Last month after three years in the making, Fort Ross Vineyard opened the doors to its brand-new tasting room in Jenner — less than a mile from the Pacific Ocean.
That also makes it the only tasting room in the newly established Fort Ross-Seaview AVA on the Sonoma Coast that was approved late last year.
It’s an appropriate location for it, given that Fort Ross, a historic Russian settlement, was where the first grapes were planted in Northern California in 1817.
Husband-and-wife, Lester and Linda Schwartz, who met as students at the University of Cape Town in South Africa, started their Fort Ross Vineyard 12 years ago. The winery produces Chardonnay, Pinot Noir, and the signature varietal from the Schwartz’s native land of South Africa, Pinotage. Indeed, it’s one of the few producers of Pinotage in the United States.
All in all, they produce 5,000 cases in total annually. Their winemaker is the acclaimed Jeff Pisoni. The first vintage by Pisoni, the 2009 Fort Ross Vineyard Chardonnay was chosen as one of the top 100 wines of 2011 by Wine Enthusiast.
A few weeks ago, I had the pleasure of sitting down with the Schwartzs in the new tasting room, set amid redwood forests and boasting views of the ocean.
Their personal story is as intriguing as their wines. The couple fled South Africa 40 years ago because of the political unrest during the apartheid era. They settled in the Bay Area. Linda was a pianist and classical music composer. Lester became the first South African licensed to practice law in California.
He happened to be driving up this hilly area one day when he spotted the property and just fell in love with it.
Having grown up on a farm and having an uncle with a vineyard, Lester wasn’t a stranger to wine-making. With his 50 acres located between 1,200 and 1,700 feet above sea level — above the fog line but in the sunshine — he thought he could grow grapes here, even if others doubted it could be done.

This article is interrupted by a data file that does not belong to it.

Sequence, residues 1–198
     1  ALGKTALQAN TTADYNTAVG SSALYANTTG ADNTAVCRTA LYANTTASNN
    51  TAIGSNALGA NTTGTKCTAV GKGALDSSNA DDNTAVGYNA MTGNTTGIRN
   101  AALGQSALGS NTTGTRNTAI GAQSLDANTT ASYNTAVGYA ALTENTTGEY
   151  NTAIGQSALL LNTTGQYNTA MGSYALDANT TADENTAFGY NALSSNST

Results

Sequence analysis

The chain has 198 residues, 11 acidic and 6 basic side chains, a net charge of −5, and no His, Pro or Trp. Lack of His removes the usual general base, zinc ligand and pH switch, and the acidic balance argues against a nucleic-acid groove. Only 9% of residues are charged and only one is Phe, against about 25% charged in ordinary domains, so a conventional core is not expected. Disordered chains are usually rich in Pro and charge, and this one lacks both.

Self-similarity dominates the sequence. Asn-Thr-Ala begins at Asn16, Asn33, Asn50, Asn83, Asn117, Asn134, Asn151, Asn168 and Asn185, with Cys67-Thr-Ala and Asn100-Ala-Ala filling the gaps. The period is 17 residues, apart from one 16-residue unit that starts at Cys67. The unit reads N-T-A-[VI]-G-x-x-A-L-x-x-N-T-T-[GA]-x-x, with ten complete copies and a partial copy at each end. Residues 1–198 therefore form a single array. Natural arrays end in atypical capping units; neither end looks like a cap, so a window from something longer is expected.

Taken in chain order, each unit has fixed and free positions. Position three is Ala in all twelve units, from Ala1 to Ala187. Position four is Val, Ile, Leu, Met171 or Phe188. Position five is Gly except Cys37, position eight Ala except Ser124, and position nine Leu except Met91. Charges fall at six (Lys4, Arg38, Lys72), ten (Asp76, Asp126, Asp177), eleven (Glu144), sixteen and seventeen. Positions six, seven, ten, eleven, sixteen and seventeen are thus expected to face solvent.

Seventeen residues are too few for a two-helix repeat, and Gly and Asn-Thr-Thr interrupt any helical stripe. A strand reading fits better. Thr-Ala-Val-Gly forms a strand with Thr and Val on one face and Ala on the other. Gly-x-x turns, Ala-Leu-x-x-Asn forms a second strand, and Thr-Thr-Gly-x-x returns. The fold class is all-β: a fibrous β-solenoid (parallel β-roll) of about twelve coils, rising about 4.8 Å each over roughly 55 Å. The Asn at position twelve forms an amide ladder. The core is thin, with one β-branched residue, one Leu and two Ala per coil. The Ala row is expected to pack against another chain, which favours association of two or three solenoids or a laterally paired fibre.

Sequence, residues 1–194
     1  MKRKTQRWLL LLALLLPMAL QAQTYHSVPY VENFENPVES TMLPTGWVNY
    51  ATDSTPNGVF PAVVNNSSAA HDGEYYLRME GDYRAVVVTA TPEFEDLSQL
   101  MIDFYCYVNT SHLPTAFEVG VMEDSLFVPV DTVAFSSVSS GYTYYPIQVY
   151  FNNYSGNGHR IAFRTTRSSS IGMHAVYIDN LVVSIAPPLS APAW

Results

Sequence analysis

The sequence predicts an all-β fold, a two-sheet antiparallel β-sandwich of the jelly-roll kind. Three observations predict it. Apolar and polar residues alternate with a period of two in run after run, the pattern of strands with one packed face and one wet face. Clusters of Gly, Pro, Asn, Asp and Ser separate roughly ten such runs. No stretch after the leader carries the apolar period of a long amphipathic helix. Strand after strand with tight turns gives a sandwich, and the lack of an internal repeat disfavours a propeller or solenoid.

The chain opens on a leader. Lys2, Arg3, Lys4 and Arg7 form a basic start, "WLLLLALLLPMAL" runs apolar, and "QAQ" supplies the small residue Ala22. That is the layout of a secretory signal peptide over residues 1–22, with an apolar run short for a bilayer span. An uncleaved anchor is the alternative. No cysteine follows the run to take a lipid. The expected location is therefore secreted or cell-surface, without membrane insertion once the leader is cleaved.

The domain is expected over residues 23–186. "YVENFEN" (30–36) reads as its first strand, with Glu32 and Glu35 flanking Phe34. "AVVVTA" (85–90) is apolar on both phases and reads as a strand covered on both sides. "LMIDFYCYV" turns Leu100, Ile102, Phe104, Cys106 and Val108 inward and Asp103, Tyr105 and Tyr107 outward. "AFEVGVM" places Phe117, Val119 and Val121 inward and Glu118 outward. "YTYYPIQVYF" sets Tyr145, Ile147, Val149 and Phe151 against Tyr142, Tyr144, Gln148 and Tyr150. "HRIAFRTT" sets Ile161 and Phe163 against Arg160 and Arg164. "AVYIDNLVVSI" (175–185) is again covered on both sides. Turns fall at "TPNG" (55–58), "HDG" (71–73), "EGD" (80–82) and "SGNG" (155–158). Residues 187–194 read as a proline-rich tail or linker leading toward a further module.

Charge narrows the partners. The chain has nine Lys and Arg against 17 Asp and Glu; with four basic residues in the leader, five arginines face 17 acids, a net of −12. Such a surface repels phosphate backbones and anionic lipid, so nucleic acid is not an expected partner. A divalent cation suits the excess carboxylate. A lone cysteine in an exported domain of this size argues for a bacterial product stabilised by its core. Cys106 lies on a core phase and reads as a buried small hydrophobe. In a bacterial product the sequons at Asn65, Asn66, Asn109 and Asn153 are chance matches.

He proved them wrong. Their grapes are now all estate grown on 30 distinct blocks. Every vine is netted to protect it from the birds. Lester jokes, “It’s the world’s largest hairnet.”
The couple takes a very hands-on approach. Linda studied viticulture at Santa Rosa Junior College. And Lester designed the striking rust-colored tasting room building with its oxidized corrugated steel roof with three cupolas.
Surrounded by Madrone trees, the tasting room has an industrial chic vibe inside with its concrete floors. There’s a long onyx bar that can be illuminated from underneath and is lighted from above by pendants on heavy metal pulleys. Outside, the patio is enclosed by a handmade wrought iron railing that depicts grapevines. Energy efficient, the building also has solar panels, double-paned windows, extra insulation, high ceilings and large windows for cross ventilation so that air conditioning isn’t needed.
There’s a commercial kitchen on the premises, manned by Chef Lorin Dewees, who prepares the food for wine pairings that are by reservation only. If you can plan ahead, it’s highly worth trying and a fun way to enjoy the wine tastings. The offerings might include a silky corn custard to enjoy with a 2009 Chardonnay, crisp vegetable flatbreads to go with Pinot Noir, lamb meatballs in a Pinot Noir reduction, and Vietnamese-style poached shrimp to pair surprisingly with Pinotage.
The couple decided to devote two acres to Pinotage not only because it’s part of their heritage, but for the sheer challenge of trying to make a wine that Linda jokes “is known as the Brussels sprouts of wine varietals.”
Pinotage, a deep red and extremely earthy wine, doesn’t always get a lot of love because it often has a characteristic aroma of nail polish remover, paint or even burned rubber.
Because the grape’s skin is so tannic, Linda says it took years to learn to make the wine so that “It didn’t take the enamel off your teeth.”
They learned to lessen the tannin by punching down the grapes less often — once every 36 hours as opposed to originally doing it three times a day.
The results are Pinotage that’s more subtle. I preferred the older vintages over the younger ones, which still had a whisper of that acetone note. The older Pinotages still showed plenty of fruit with a brambly character, but were more rounded overall.
If you’re new to Pinotage, you can take a baby step by trying the winery’s 2009 Pinot Noir Symposium, which contains 3 percent Pinotage. It makes for a deep, dark luscious Pinot with a full body.
Or take a drive to the tasting room, open every day generally from 10 a.m. to 6 p.m., to visit a uniquely situated winery you won’t soon forget.